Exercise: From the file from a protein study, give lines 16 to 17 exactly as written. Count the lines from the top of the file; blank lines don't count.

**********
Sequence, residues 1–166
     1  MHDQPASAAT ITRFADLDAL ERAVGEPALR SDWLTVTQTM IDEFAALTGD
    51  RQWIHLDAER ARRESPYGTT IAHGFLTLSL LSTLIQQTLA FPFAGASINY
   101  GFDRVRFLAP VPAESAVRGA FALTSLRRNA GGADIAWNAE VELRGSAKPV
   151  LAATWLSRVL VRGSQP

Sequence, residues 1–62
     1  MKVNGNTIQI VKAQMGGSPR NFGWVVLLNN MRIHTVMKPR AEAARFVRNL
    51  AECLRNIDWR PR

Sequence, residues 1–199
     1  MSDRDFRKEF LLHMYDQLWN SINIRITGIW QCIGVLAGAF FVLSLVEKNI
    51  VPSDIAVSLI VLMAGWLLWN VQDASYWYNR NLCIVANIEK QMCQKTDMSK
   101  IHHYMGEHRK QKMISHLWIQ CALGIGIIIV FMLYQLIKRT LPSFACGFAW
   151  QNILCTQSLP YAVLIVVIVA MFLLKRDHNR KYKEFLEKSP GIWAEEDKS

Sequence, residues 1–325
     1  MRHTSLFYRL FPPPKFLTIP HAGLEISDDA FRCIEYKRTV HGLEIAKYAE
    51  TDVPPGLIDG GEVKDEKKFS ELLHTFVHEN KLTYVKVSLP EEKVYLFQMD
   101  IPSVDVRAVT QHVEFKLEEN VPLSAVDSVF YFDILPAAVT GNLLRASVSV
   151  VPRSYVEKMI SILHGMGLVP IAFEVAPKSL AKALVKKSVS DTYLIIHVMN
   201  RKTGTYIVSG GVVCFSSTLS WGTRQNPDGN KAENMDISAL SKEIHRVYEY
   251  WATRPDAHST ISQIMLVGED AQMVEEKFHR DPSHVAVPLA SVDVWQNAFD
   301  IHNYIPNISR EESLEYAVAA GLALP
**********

    51  TDVPPGLIDG GEVKDEKKFS ELLHTFVHEN KLTYVKVSLP EEKVYLFQMD
   101  IPSVDVRAVT QHVEFKLEEN VPLSAVDSVF YFDILPAAVT GNLLRASVSV